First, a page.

Citizen Leaders: Grade School Boys Band Together to Stop Bullying

Congratulations to these young grade school boys who banded together to show their support for a first grader who was subjected to bullying and teasing from other pupils. These youngsters rock! In the words of American anthropologist Margaret Meade:

Never doubt that the actions of a small group of committed citizens can change the world. Indeed, it is the only thing that ever has.

Citizen Leaders’ Success: You Can Play Project and the NHL Team Up to Eradicate Homophobia on the Ice

Citizen Leaders are the men, women, young adults and teens who take stock of the kind of world they want to help shape for the people they care about and act to make it so.

—Peter Alduino, Author, The Citizen Leader

In a blog post 9 months ago, I applauded Patrick Burke, Brian Kitts and Glenn Witman as citizen leaders for their efforts to eradicate homophobia from amateur and professional hockey. These three men founded the You Can Play project — an outreach and advocacy program that challenges the culture of homophobia in locker rooms and among fans by focusing instead and only on an athlete’s skills, hard work, heart and competitive spirit.

As a direct result of their efforts since founding the project 12 months, yesterday, the National Hockey League and the NHL Players’ Association announced a groundbreaking partnership with the You Can Play project in what is likely the most comprehensive effort by a major North American sports league to support gay athletes. Hockey News reported, the agreement with You Can Play will see the implementation of an agenda of inclusion throughout the NHL that promotes better understanding of and respect for gay athletes. You Can Play will conduct seminars at the NHL’s rookie symposium and make its resources and personnel available to each individual team as desired. The NHL and NHLPA will work with You Can Play to integrate the project into their Behavioral Health Program to enable players to confidentially seek counseling or simply ask questions about sexual orientation issues.

NHL commissioner Gary Bettman said in a statement, “Our motto is ‘Hockey Is For Everyone,’ and our partnership with You Can Play certifies that position in a clear and unequivocal way. While we believe that our actions in the past have shown our support for the LGBT community, we are delighted to reaffirm through this joint venture with the NHL Players’ Association that the official policy of the NHL is one of inclusion on the ice, in our locker-rooms and in the stands.”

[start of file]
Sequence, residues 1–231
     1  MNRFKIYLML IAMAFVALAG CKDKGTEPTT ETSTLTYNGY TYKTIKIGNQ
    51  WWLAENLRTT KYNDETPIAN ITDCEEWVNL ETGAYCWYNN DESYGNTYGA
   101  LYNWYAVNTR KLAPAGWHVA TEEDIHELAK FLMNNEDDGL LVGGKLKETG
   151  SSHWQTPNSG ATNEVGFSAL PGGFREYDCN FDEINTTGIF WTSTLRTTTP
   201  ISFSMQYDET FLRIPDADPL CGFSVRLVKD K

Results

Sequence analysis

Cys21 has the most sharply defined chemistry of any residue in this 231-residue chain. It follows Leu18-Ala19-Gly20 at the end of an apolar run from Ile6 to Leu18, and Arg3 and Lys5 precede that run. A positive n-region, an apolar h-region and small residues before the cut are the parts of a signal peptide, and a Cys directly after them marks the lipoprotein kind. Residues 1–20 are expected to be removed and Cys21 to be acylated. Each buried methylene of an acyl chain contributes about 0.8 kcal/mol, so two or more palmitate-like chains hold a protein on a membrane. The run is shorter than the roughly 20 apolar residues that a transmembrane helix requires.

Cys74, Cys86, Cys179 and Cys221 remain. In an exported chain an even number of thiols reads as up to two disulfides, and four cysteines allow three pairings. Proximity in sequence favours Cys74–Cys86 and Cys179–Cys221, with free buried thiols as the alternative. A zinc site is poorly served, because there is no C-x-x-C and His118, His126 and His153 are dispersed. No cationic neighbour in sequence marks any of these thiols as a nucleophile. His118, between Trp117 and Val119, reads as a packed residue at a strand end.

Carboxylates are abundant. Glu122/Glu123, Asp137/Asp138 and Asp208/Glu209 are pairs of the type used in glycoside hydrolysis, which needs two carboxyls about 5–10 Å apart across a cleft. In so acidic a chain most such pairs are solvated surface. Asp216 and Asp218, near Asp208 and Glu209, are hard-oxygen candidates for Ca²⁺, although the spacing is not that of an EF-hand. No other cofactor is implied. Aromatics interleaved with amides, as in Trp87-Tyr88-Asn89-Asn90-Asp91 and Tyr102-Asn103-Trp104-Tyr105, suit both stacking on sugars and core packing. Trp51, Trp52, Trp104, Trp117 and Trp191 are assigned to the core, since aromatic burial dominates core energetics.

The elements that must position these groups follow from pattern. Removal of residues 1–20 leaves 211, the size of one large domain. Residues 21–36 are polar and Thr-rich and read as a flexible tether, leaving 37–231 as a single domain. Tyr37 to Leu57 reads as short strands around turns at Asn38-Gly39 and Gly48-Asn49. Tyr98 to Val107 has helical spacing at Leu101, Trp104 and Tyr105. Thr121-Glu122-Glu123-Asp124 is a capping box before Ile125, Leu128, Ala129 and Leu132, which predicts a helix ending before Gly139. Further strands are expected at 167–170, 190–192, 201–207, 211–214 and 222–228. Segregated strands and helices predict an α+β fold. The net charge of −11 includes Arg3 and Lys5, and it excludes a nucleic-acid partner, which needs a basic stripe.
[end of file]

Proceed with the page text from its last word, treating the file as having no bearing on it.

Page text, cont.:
In his statement, Patrick Burke reminds us that the You Can Play Project is not just for pro players. He said, “To me, it’s just as important that a young player playing lacrosse or a 60-year-old playing beer league someplace feel safe in their locker-room. We really want to work on the culture at its core because I believe in any sport, at any level, at any age, at any skill level, you should be able to play sports free of fear.”

Congratulations to Citizen Leaders Patrick Burke, Brian Kitts and Glenn Witman. Bravo to the National Hockey League and the NHL Players’ Association.


NHL, NHLPA combine to form a partnership with You Can Play Project (Hockey News)

NHL, ‘You Can Play’ announce partnership to support gay athletes (LGBTQNation)

Major Sports Leagues Prepare for the ‘I’m Gay’ Disclosure (New York Times)

NHL Announces Support For Gay Rights, Pledges To Fight Homophobia With New Initiative (Huffington Post)

Citizen Leader: Co-Founders of You Can Play Project

Patrick Burke , Brian Kitts , Glenn Witman think athletes should be judged by talent, heart and work ethic, and not sexual orientation. Together, they have founded the You Can Play Project which works to guarantee that athletes are given a fair opportunity to compete, and are judged by other athletes and fans alike by what they contribute to the sport or their team’s success and not by their sexual orientation.

You Can Play seeks to challenge the culture of locker rooms and spectator areas by focusing only on an athlete’s skills, work ethic and competitive spirit. They have received the endorsements (watch the videos) of professional athetes and college athletes to spread the work in support of the cause.

Citizen Leader: Zach Wahls, Co-Founder of Scouts for Equality

Eagle Scout Zach Wahls challenged the Boy Scouts of America’s anti-gay policy in May 2012 when he delivered three boxes of petitions demanding change, signed by more than 275,000 people.

Inspired by the story of Jennifer Tyrrell, a den mother forced to resign from her seven-year-old son’s Cub Scout pack because of her sexual orientation, and the groundswell of support she has received since, Mr. Wahls and a number of other Eagle Scouts frustrated with the Boy Scouts of America’s long-standing exclusion of gay individuals have created Scouts for Equality.

Shortly thereafter, Ernst & Young CEO James Turley made history by becoming the first Boy Scouts of America Executive Board Member to publicly oppose the anti-gay policy and promised to work from within to change it.

In an Act of Citizen Leadership…